May 21, 2024

Jasper County names bridge after reserve deputy who died on duty in 1973

Howard Holdefer family hopes eponymous bridge reinforces officer sympathies, brings back positive memories

Jasper County Sheriff John Halferty speaks to Howard Holdefer's family during a dedication ceremony May 13 at the city park in Reasnor.

Georgia Pierce, of Colfax, introduced herself as “the one and only” daughter of Howard Holdefer before pointing out the rest of her big family. Sons, in-laws, nieces, nephews, grandchildren. A dozen names. The whole lot showed up to honor Holdefer’s memory at a bridge dedication ceremony last week in Reasnor.

It was a solemn reminder of the true loss that happens when a law enforcement officer makes the ultimate sacrifice, like Holdefer did.

On Oct. 30, 1973, Holdefer suffered a heart attack when assisting the arrests of three individuals. Some of the family members who attended the dedication ceremony did not even get a chance to meet him. Jeremy Holdefer, a grandson, only knew about him through the stories his father would tell him.

Even without having any personal memories of Holdefer, Jeremy played a big role in pushing for a bridge dedication for his grandfather. With a little help from the highway department and Jasper County Sheriff John Halferty, it was done. Jeremy knew how much his father, who has since passed, would have loved it.

“I only wish my dad could have been here to see it,” Jeremy said.

Pierce, who is the middle child with two older brothers and two younger twin brothers, is the only daughter to Holdefer. She remembers how fun he was and how protective he was of his family. He was very friendly, too, she said, and he didn’t judge others. Pierce said he believed people always had chances to be better.

Memories are not all the Holdefer family has left of their departed patriarch. The Jasper County Reserve Deputy Captain Howard W. Holdefer Memorial Bridge will now forever commemorate him and his service. If people who knew him drive by it, Pierce hopes they remember the good things about him.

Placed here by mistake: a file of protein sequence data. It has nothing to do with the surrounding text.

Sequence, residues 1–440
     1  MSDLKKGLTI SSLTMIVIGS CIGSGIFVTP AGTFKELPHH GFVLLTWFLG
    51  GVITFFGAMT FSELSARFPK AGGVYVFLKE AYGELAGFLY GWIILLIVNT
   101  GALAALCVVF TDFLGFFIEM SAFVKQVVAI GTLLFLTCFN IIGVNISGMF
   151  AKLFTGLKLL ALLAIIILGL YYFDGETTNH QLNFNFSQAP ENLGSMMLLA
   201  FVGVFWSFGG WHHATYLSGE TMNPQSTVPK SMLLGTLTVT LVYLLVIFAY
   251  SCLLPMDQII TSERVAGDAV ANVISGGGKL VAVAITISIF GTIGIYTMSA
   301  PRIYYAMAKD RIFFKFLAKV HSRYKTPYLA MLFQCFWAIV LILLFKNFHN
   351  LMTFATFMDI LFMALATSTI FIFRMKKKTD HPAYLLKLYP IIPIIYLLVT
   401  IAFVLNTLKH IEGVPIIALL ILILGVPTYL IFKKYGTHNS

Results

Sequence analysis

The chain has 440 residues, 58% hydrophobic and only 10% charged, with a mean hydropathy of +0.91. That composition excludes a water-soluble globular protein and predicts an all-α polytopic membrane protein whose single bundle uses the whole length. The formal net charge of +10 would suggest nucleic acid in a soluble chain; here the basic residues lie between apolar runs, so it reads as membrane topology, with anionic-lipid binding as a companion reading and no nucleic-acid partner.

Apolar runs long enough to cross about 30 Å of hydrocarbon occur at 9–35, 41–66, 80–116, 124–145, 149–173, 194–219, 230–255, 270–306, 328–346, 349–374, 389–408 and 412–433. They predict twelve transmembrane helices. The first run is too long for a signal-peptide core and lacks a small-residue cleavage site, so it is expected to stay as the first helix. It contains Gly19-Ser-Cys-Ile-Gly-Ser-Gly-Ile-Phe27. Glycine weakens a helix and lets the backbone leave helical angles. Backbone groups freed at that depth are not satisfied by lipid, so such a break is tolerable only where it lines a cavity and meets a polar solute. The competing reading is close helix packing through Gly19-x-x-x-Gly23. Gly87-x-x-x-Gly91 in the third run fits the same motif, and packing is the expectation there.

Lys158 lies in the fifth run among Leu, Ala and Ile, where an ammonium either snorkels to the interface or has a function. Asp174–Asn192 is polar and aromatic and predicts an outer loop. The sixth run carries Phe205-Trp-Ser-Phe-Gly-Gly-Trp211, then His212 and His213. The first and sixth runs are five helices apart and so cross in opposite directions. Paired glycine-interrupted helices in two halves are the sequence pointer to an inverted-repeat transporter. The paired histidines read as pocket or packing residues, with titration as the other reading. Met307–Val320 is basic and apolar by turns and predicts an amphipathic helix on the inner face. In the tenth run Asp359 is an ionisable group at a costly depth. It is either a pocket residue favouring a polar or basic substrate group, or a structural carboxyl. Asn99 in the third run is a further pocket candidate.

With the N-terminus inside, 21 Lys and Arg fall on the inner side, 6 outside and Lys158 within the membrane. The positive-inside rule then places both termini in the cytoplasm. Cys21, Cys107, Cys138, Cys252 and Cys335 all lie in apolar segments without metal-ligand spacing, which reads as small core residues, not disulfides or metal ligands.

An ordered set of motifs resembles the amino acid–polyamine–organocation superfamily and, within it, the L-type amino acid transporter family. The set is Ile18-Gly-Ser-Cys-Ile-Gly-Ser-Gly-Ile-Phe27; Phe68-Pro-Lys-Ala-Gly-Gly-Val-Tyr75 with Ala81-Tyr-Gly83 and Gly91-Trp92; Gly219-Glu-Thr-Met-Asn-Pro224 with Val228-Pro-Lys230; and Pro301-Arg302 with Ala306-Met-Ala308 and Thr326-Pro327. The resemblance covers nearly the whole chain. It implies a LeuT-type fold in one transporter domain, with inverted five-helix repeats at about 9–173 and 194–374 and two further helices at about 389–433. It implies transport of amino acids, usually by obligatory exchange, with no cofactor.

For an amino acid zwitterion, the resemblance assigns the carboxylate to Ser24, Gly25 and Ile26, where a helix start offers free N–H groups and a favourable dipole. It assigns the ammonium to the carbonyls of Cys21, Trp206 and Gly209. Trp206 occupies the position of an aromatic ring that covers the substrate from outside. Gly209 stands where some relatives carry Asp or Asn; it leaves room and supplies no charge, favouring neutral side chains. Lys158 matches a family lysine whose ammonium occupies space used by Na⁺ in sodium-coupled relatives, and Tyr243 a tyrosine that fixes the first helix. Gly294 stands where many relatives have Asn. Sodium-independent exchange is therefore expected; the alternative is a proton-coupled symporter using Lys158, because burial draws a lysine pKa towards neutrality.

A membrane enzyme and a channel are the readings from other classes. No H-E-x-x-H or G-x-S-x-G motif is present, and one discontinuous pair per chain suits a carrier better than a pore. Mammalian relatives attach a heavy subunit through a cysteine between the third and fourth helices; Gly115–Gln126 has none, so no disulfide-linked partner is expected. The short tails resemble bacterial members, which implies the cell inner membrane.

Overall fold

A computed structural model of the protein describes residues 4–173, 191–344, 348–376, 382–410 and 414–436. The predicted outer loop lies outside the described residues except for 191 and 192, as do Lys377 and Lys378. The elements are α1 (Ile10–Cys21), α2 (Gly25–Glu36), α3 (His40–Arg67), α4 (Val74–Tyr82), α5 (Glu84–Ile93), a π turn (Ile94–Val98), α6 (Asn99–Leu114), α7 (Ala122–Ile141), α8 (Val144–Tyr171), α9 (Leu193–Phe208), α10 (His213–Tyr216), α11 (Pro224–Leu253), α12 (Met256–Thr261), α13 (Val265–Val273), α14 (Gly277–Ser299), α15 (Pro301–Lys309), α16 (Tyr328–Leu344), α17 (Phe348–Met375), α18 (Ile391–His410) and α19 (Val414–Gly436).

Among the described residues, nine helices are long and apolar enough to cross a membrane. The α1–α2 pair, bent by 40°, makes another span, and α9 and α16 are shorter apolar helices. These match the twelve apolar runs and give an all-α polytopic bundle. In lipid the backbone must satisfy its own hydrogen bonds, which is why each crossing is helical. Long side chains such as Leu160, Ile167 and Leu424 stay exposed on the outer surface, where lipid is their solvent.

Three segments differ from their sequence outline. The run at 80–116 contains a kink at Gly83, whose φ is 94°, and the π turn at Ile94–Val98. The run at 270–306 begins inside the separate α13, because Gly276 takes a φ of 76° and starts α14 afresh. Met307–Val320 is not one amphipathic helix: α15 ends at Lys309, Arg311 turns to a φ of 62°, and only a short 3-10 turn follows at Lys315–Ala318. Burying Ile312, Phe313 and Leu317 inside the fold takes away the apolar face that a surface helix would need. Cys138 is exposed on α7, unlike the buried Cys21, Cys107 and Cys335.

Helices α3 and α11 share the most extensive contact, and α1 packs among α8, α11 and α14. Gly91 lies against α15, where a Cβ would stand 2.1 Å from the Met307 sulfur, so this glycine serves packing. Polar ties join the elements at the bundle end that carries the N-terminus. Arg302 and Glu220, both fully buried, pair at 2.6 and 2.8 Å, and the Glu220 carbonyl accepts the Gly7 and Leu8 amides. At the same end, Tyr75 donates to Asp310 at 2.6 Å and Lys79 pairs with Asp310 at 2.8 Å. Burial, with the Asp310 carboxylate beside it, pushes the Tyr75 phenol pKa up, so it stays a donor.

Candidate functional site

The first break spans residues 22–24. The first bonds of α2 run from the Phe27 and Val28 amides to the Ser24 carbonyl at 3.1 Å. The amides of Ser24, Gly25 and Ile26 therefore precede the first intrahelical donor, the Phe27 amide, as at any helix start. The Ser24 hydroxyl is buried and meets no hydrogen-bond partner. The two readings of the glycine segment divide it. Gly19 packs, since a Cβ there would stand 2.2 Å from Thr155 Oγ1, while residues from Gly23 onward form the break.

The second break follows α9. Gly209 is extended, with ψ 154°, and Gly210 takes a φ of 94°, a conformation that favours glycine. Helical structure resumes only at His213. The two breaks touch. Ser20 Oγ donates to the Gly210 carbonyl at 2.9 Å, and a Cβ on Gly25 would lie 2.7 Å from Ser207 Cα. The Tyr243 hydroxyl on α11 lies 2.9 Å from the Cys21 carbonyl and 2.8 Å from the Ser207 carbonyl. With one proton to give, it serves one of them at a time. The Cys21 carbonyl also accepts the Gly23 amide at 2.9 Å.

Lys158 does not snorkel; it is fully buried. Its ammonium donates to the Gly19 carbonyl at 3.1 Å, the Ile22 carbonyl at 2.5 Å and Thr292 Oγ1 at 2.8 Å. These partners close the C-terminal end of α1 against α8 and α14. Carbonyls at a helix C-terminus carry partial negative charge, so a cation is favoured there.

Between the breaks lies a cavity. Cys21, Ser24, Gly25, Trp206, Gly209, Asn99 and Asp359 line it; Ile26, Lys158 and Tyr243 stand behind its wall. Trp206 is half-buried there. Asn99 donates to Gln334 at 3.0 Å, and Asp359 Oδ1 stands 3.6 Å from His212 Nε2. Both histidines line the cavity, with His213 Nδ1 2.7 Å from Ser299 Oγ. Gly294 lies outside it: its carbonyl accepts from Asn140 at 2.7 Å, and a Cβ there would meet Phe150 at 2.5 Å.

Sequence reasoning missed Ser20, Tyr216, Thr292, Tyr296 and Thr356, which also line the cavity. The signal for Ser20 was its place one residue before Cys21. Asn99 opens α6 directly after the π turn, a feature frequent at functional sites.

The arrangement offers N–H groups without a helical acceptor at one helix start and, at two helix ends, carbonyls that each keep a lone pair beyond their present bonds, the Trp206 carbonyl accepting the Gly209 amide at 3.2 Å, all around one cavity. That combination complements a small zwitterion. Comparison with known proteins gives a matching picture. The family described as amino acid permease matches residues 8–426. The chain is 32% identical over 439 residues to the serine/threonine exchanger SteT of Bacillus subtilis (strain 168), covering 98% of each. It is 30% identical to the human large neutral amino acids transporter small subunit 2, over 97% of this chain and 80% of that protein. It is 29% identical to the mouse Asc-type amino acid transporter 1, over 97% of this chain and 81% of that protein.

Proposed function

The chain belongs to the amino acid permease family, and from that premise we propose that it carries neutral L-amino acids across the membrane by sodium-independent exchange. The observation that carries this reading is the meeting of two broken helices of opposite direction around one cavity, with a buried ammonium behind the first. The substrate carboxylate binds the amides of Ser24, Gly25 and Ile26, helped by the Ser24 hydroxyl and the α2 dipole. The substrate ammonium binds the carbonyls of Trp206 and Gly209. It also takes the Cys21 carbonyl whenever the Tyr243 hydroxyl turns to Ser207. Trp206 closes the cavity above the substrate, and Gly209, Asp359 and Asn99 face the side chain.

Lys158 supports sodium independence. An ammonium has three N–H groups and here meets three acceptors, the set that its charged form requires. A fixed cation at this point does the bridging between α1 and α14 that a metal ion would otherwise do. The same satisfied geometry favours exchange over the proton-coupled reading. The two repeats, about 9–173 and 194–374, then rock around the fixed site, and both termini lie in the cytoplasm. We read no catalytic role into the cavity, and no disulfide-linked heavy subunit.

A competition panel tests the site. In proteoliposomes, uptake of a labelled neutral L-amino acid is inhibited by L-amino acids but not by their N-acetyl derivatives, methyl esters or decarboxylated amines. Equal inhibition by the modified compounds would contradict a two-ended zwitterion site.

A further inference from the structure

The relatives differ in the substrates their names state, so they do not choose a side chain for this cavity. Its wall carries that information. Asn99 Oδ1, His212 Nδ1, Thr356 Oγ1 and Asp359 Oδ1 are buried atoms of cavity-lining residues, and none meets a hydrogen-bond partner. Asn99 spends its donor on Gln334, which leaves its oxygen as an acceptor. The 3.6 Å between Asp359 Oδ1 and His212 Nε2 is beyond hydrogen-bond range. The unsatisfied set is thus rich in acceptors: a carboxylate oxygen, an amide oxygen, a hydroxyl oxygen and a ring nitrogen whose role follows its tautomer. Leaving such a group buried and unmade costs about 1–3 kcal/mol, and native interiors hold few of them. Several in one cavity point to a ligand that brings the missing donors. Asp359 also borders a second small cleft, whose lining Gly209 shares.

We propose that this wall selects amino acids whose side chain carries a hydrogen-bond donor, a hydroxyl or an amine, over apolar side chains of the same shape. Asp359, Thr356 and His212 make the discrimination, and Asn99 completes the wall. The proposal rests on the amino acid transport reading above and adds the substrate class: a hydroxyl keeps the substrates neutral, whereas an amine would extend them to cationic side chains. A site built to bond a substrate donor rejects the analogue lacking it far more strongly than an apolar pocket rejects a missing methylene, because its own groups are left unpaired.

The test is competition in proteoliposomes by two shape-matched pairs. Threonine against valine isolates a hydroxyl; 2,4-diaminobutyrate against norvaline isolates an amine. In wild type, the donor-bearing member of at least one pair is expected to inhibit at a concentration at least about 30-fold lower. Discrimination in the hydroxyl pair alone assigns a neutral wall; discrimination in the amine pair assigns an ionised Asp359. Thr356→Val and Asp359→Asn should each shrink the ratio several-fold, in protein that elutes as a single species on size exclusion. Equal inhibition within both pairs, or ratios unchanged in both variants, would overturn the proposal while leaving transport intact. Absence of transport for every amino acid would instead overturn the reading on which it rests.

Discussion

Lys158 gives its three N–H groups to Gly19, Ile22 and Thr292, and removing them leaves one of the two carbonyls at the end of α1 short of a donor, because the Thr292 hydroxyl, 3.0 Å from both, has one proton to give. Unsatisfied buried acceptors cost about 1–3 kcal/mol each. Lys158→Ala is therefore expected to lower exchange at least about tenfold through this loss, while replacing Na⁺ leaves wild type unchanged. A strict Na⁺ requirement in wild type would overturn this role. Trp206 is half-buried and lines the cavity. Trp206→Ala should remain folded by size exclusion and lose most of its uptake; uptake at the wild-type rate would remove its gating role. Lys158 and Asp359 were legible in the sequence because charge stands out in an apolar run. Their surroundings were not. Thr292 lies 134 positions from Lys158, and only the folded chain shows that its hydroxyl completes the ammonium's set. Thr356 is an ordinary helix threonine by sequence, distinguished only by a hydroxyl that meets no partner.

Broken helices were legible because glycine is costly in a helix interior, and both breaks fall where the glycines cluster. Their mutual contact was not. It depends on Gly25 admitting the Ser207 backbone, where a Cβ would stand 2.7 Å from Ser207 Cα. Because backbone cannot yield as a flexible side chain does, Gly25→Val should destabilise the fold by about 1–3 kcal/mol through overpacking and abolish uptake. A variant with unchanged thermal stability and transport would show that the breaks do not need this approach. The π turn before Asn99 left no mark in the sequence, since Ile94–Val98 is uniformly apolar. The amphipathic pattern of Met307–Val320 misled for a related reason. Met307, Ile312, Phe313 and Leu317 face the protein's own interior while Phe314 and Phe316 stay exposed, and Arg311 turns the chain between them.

“If they don’t know him, I hope they think about some of the other officers,” she told Newton News after the dedication ceremony, which saw a high turnout of family members, friends and officers. “Every time I see an officer I always tell them ‘Good luck’ and ‘Stay safe.’ That’s ingrained in me from my dad.”

Family members of Howard Holdefer pose for a photo next to a wreath bearing his image and the replica of a sign that appears near a bridge named after the reserve deputy who died more than 50 years ago. The bridge over the South Skunk River on F-62, just west of Reasnor, has been renamed to Jasper County Reserve Deputy Captain Howard W. Holdefer Memorial Bridge.

During the bridge dedication ceremony, Halferty thanked Steve Hodnett for being the “sign guy” and coordinating the sign placements near the bridge that goes over the South Skunk River on F-62, just west of Reasnor. Halferty also thanked the supervisors and his current and retired deputies, peace officers and reserves.

“We hope and pray this never happens to you,” he said. “Please, Holdefer family, know that all of these (officers) present are working in honor of Howard.”

Supervisor Denny Stevenson, who has long since retired from the sheriff’s office, served nearly 40 years as a volunteer firefighter and medic for Kellogg Fire Department. As a fellow volunteer first responder, Stevenson praised Holdefer’s volunteer work as a reserve deputy, especially with volunteerism dwindling.

“In this day and age all law enforcement departments throughout the country have trouble getting people to step up and take a position,” Stevenson said. “I think this will be a good reminder to people that back then there was probably three or four deputies, and people like Howard were critical.”

Supervisor Denny Stevenson speaks to Howard Holdefer's family during a dedication ceremony May 13 at the city park in Reasnor.

If the sheriff and deputies needed help, reserve deputies like Holdefer were the people they relied on the most.

“I think the big thing is we never forget,” Stevenson said. “When the sheriff brought to the board the naming of the bridge, that was a great idea. Maybe it should have been done sooner, but at least it’s done now. Hopefully that will speak to people in the future, too.”

Christopher Braunschweig

Christopher Braunschweig

Christopher Braunschweig has a strong passion for community journalism and covers city council, school board, politics and general news in Newton, Iowa and Jasper County.